You have a collection of data. You would like to quickly identify the mode of the data.
- [Instructor] The mode is the value in a list which appears the most frequently. In this video, we are going to discuss an algorithm for finding the mode. So, in this video, we're going to take a look at understanding how the mode of a list can be solved using run length encoding. We're going to break that problem of run length encoding into parts, and then write the code for our function. We're going to use run length encoding in order to find the mode of a dataset, and then we're going to compute the mode of our 2015 away runs dataset.
I am in my virtual machine, and I need to go back up to the very top of my Baseball dataset and I need to do yet another import. This import is going to be import Data.Ord. We need this for a function that we'll use later on in this video. Now, let's restart and rerun all. It'll take a moment. There we go. Great. Now, let's create a list called myList that we will use in order to demonstrate the mode.
So, imagine we have a list consisting of the values four, four, five, five, four. Now, the value that appears the most frequently in this list, of course, is four. Now, what I would like to introduce an algorithm known as run length encoding. Now, run length encoding is an algorithm for lossless compression. It has a few interesting applications to it. Now, we can find the mode of a list by first running run length encoding. And in order to find run length encoding, we need to understand how elements group together.
So, there is a function in Data.List called group. And with group, we can create list of list and each sublist in our primary list is a grouping of the values and so, here we have myList, and then we have group myList four, four, five, five, four. Now, what we can easily do is this grouping and count each element in the sublist, thus creating a run length encoding.
So, let's create a function to represent run length encoding. We need this to be of type for our values. We're going to accept any element as input and then we are going to return a list consisting of a tuple of those elements followed by an integer, where the integer is going to represent the number of sub elements in that list. So runLengthEncoding is going to be whatever list we get in, we are going to map over that list.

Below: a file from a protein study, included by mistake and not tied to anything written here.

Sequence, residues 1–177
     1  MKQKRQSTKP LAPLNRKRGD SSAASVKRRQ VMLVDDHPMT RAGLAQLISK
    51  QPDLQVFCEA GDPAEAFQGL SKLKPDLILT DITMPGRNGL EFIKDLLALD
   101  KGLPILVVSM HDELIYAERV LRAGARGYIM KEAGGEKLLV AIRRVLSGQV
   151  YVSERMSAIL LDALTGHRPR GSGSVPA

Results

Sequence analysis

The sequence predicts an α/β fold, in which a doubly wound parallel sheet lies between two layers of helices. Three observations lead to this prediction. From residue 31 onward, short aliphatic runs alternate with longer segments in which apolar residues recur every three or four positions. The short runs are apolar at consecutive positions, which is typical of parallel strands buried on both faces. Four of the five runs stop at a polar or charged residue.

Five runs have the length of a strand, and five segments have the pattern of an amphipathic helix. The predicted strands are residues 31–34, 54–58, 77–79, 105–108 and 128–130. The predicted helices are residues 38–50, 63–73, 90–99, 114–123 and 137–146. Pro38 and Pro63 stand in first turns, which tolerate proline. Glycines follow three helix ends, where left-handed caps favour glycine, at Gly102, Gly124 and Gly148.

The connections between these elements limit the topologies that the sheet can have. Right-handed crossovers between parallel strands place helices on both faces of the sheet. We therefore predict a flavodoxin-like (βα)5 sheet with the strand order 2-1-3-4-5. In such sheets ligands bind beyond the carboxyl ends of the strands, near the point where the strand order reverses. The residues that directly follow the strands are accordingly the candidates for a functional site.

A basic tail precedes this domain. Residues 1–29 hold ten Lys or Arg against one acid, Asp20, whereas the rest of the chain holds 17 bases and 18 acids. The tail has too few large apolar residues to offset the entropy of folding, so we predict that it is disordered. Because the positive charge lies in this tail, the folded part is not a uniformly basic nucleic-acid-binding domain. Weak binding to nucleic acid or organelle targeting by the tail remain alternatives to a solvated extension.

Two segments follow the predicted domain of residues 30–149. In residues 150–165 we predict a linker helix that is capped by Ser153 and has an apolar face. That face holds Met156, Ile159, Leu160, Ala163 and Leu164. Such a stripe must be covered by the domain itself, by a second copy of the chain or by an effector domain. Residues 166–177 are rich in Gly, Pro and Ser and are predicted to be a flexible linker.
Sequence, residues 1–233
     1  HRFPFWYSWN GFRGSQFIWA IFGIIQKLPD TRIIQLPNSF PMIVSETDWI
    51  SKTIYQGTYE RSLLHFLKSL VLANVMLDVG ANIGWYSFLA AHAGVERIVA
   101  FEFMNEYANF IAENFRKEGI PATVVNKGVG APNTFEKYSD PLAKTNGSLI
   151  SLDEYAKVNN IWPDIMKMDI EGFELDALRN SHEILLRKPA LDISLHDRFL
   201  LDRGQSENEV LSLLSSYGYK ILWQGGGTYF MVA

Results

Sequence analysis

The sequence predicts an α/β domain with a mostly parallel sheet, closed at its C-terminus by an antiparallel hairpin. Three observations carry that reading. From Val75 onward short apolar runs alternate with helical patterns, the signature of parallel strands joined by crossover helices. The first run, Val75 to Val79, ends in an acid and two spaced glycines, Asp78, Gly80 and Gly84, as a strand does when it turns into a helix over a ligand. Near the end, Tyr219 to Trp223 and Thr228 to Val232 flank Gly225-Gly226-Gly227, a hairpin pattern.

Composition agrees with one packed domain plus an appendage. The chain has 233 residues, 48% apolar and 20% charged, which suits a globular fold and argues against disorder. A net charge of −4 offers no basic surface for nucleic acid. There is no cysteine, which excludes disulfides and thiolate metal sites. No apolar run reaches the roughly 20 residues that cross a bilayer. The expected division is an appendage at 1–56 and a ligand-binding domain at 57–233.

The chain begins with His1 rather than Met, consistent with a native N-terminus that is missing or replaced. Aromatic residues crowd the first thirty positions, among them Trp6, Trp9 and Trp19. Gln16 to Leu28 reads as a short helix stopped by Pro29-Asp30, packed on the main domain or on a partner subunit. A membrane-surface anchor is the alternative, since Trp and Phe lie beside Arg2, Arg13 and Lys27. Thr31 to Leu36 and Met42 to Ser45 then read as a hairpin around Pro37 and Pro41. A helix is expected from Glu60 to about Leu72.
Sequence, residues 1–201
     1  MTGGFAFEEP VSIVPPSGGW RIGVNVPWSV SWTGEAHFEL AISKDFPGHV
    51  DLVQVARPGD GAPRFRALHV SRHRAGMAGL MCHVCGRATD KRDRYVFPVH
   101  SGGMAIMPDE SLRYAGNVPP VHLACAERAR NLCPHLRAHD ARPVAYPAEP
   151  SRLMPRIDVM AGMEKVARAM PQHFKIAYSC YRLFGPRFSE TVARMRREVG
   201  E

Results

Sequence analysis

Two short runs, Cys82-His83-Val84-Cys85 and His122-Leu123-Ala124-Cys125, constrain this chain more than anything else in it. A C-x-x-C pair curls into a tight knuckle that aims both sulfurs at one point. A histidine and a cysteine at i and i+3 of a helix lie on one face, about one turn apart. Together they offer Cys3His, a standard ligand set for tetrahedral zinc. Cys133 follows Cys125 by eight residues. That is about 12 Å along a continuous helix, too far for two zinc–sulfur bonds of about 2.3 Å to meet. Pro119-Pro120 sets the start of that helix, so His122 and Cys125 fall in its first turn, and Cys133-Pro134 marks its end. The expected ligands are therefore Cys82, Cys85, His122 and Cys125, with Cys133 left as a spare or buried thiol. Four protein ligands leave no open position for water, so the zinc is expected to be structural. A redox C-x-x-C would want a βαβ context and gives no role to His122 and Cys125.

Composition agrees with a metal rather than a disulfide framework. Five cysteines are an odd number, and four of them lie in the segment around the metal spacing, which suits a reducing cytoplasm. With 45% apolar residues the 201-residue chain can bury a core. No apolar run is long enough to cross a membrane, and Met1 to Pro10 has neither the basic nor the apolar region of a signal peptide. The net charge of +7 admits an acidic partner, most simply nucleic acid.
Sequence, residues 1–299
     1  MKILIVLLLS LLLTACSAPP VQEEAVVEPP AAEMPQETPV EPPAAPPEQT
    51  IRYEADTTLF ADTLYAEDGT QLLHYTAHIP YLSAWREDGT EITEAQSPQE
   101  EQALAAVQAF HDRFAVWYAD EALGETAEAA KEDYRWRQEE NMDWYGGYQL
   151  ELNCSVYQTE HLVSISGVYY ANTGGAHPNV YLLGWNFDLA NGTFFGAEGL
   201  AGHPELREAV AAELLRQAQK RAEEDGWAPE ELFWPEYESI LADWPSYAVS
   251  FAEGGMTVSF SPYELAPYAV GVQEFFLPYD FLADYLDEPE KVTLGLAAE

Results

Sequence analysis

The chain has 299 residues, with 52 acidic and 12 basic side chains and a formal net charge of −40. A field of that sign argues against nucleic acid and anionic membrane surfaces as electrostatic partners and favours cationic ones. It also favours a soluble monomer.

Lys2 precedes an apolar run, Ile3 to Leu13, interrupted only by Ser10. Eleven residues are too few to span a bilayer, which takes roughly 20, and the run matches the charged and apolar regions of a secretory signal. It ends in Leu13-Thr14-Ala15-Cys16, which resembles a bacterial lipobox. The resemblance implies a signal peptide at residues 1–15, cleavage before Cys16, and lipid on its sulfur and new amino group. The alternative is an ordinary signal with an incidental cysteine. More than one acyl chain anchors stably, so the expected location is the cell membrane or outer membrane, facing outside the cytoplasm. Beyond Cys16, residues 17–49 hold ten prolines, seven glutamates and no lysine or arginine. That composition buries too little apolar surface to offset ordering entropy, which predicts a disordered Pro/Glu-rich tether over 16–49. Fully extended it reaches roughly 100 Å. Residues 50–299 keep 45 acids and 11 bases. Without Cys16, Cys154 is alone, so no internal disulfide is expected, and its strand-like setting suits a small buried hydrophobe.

With that sublist we will first get the head of the list. And second we will get the generic length of xs. Now, once we get that generic length, we're going to compute the group. So, there we go. So, if I pass in run length encoding of our myList I compute the run length encoding of our original list, where each element in order represents the element that is seen and how many times that element is seen.
So, four, two, five, two, four, one. There'll be an even number of elements and for convenience's sake we put them in tuples. If I do runLengthEncoding with an empty list I get back an empty list but here's where it gets interesting. If I do runLengthEncoding and I first sort my list of values I now have a tuple of values where all of the fours are grouped together and all of the fives are grouped together.
I have three fours and I have two fives. Now what I can do is I can perform run length encoding on the sorted version of my dataset and then look for whatever tuple has the highest second value. So, this next algorithm computes the mode of a list using the run length encoding function. And here we are using a function called maximumBy and maximumBy is found in the data.org library and it requires that we are comparing based on whatever the second value is that is the SMD and we're comparing on whatever that integer is which as we identified earlier is the length of a sublist.
All our mode function does is sorts the values, passes that data to run length encoding and then finds which element in the list has the highest second value thus representing the mode. So, if I pass in an empty list to my mode I get back nothing and if I pass in mode my example list from earlier in this video I get back just four, three. So, the first doughnut in the tuple will be the most frequently seen element and the second is how many times that element is seen. Four is seen three times, and we've been working with a baseball dataset and we have our away team runs and now we can find which away team run appears most frequently in the 2015 baseball season.
So, mode awayRuns and we see that the answer is two. There were 379 games in the season in which two runs were scored and that is the most frequently seen. So, in this section we recall data stored in a CSV file using the Text.CSV library and we implemented the descriptive statistics functions for the range, mean, median and mode and standard deviation. These functions will become our DescriptiveStats module for future sections.
In our next section, we will begin using SQLite3.
Note: This course was created by Packt Publishing. We are pleased to host this training in our library.
- Data ranges, means, and medians
- Standard deviation
- SQLite3 command line
- Slices of data
- Regular expressions
- Atoms and modifiers
- Character classes
- Line plots of a single variable
- Plotting a moving average
- Feature scaling
- Scatter plots
- Normal distribution
- Kernel density estimation (KDE)